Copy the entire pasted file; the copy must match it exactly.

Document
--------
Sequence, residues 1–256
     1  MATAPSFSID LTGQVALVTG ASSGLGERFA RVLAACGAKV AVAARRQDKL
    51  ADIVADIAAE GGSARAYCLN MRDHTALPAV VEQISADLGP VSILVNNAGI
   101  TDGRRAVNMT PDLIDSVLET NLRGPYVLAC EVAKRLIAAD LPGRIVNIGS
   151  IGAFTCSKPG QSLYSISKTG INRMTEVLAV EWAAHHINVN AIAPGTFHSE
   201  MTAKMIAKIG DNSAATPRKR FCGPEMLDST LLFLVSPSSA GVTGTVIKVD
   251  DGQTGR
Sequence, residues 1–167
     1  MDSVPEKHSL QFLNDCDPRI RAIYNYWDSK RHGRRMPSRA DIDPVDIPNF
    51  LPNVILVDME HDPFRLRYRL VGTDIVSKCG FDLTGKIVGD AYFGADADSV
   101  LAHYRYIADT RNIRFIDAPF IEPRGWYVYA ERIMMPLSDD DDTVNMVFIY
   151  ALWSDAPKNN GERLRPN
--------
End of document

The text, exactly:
Sequence, residues 1–256
     1  MATAPSFSID LTGQVALVTG ASSGLGERFA RVLAACGAKV AVAARRQDKL
    51  ADIVADIAAE GGSARAYCLN MRDHTALPAV VEQISADLGP VSILVNNAGI
   101  TDGRRAVNMT PDLIDSVLET NLRGPYVLAC EVAKRLIAAD LPGRIVNIGS
   151  IGAFTCSKPG QSLYSISKTG INRMTEVLAV EWAAHHINVN AIAPGTFHSE
   201  MTAKMIAKIG DNSAATPRKR FCGPEMLDST LLFLVSPSSA GVTGTVIKVD
   251  DGQTGR
Sequence, residues 1–167
     1  MDSVPEKHSL QFLNDCDPRI RAIYNYWDSK RHGRRMPSRA DIDPVDIPNF
    51  LPNVILVDME HDPFRLRYRL VGTDIVSKCG FDLTGKIVGD AYFGADADSV
   101  LAHYRYIADT RNIRFIDAPF IEPRGWYVYA ERIMMPLSDD DDTVNMVFIY
   151  ALWSDAPKNN GERLRPN